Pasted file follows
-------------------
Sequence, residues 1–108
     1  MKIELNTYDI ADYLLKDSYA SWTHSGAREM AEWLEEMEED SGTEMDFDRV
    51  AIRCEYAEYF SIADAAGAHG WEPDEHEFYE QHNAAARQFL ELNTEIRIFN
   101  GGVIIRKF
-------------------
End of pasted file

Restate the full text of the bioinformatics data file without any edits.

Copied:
Sequence, residues 1–108
     1  MKIELNTYDI ADYLLKDSYA SWTHSGAREM AEWLEEMEED SGTEMDFDRV
    51  AIRCEYAEYF SIADAAGAHG WEPDEHEFYE QHNAAARQFL ELNTEIRIFN
   101  GGVIIRKF